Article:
While the novel unfolded we gained very graphic, flowery descriptions of the scenes, the events of the story and the characters and for the first 300-400 pages I really enjoyed these descriptions. At times they could become a little over-bearing and suffocating to read and I found myself placing the book down for several days before coming back to read more. I think if I took me over three weeks to read the novel with extended periods of placing it down, it informs me that it’s not fast paced enough to keep me reading. However I decided to read around the last 300 pages over a couple of days and that’s when the last 50 pages began to drag. I suppose if I’d placed it down for another few days and read it, I may have enjoyed it, but I felt like my experience with the novel needed to be over and that I couldn’t draw out reading any longer.
Nevertheless, I don’t think you should avoid the book because of the flowery descriptions. Overall they added to the novel and were an integrated part of Auel’s writing style. The descriptions at times certainly added to the thrill of the story, but if you tend to find yourself bored of such things or prefer a novel with a fast pace this probably isn’t for you.
The time of the the setting settles on a very primitive era with hunting, herb and fruit collecting. The characters have spirit men, herbal women and the women of the Clan play the role of second class citizens in place to men. So if you feel strongly about equal rights this novel probably isn’t for you, although reading many historical novels women often play a secondary role to men, so I’d assume if you had such strong ideals, the historical genre wouldn’t be for you. In a way, this novel also covers some very controversial topics, but the way in which Auel handles them and the historical setting takes them to be a more ‘acceptable’ part of society, However, they are not topics to be overlooked lightly and one with a sensitive nature probably wouldn’t enjoy the treatment Alya receives, particularly from Broud.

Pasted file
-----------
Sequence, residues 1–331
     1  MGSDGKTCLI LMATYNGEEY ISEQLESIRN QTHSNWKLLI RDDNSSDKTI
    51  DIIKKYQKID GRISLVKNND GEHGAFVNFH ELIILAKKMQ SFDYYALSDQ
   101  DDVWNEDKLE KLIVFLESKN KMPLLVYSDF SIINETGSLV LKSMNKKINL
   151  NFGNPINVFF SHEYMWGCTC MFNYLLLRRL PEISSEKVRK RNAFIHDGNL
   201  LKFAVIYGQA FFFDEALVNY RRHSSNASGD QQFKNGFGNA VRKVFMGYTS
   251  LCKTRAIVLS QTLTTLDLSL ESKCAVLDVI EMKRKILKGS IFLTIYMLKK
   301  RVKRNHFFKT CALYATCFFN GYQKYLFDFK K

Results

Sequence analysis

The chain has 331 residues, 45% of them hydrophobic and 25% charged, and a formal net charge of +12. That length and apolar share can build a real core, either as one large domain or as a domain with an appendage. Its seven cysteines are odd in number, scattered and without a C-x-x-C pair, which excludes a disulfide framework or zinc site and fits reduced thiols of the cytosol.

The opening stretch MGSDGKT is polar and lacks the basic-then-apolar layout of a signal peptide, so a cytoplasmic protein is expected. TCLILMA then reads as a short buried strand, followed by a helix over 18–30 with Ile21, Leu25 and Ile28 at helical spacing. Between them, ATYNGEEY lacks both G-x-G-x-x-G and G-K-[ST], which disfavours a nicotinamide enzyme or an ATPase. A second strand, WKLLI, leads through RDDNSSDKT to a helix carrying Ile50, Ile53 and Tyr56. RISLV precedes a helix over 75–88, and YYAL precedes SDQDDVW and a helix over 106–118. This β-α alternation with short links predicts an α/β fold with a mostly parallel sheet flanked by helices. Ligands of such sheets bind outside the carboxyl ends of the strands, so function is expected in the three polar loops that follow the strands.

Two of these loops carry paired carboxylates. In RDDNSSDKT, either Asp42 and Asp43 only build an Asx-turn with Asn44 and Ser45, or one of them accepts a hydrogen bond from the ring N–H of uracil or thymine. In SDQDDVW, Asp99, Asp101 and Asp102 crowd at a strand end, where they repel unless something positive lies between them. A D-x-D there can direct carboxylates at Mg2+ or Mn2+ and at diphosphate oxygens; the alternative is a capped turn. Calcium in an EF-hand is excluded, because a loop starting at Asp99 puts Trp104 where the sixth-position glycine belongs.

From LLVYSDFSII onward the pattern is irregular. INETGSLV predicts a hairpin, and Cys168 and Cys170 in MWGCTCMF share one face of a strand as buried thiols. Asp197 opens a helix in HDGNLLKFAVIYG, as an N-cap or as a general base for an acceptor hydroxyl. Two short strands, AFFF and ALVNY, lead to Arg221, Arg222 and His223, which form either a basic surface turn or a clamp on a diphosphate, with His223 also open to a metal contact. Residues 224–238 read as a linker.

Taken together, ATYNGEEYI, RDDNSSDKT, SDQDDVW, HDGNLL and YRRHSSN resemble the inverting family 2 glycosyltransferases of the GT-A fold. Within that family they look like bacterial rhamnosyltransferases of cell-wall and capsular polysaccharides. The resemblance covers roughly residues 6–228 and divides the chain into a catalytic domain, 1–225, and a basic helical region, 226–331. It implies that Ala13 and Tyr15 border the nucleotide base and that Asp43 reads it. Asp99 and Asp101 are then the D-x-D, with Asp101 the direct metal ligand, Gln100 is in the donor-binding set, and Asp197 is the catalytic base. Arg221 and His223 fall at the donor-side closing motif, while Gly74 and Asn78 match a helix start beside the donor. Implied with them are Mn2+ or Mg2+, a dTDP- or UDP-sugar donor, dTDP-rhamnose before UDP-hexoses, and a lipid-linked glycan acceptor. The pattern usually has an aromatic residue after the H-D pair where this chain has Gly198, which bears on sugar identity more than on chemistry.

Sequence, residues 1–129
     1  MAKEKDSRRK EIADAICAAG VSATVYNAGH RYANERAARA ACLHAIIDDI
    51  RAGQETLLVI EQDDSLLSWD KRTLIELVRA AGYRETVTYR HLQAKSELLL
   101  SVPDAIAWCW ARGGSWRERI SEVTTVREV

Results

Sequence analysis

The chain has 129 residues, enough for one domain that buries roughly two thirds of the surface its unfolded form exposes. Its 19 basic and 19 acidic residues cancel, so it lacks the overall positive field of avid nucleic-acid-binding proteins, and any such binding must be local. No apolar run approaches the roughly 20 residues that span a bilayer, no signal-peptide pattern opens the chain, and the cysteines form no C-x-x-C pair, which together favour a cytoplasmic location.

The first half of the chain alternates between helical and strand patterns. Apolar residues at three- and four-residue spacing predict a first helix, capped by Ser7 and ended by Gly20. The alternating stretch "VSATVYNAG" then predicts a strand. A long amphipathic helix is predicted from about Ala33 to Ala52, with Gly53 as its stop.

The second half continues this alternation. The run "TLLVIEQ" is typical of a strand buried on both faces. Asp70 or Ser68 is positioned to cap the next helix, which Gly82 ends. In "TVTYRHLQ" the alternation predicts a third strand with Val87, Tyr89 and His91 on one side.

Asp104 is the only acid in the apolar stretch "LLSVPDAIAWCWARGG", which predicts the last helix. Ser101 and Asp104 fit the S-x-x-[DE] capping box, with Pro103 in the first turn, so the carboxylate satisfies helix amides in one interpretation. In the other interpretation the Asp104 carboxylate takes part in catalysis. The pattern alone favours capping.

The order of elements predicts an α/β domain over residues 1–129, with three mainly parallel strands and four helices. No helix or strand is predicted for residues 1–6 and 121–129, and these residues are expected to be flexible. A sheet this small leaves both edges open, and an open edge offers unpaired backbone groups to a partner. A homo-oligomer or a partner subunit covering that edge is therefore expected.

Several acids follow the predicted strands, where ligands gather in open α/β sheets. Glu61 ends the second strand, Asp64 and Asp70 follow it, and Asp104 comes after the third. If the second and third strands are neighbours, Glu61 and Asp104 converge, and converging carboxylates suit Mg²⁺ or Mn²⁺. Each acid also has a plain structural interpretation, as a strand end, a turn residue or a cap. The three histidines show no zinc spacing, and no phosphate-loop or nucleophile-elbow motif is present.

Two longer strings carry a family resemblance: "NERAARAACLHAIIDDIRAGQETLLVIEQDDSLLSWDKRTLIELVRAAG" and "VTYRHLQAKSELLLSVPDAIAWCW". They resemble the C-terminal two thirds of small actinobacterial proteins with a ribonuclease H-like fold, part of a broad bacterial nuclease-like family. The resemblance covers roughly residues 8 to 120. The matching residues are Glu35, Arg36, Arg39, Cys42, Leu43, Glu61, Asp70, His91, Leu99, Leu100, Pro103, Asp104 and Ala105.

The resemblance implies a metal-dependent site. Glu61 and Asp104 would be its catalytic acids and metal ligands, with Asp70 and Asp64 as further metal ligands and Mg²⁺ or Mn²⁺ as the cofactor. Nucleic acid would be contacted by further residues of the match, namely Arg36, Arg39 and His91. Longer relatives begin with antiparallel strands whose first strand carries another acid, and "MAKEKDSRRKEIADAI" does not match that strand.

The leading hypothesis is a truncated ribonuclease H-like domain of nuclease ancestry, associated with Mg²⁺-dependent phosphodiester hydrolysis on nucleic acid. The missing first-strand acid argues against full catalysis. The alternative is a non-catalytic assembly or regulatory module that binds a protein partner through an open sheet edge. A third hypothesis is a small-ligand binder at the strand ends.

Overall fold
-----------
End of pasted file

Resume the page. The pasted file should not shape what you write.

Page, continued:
This story has a central focus of family, support and a woman’s struggle which ultimately intrigued me and how throughout everything she battled hard to triumph against many adversaries and I truly enjoyed this aspect.
The speech of the novel between characters is there, but witnessed as more for the reader than the characters who talk in hand motions and sounds and therefore this makes the third person narrative vital for the story.
For me, my favourite part of the world Auel created were the characters who all stood as individuals with their own traits, distinct morals and actions and they were characters I found that you really got imagery and connections too. This is probably why the novel extended to so many pages with the intense interest in the characters, but I think Auel made a fantastic job and I have only the highest praise for her strong-female lead Ayla and the remaining characters who surrounded her. The dynamics between Ayla, Iza and Creb were certainly heart-warming and I adored the family unit they came. If I were to judge the story on the characters I’d probably give it five stars.
Overall, the length of time it took me to read the story, the annoyance I gained with flowery descriptions and to balance that with the characters, I have a very mixed view of this story and I’m still debating on whether I shall continue with the series because I have to come to a point where my enjoyment was ultimately dropped by having to skim read. However I suggest you take a punt and borrow the book first because it’s had some very positive reviews from other people!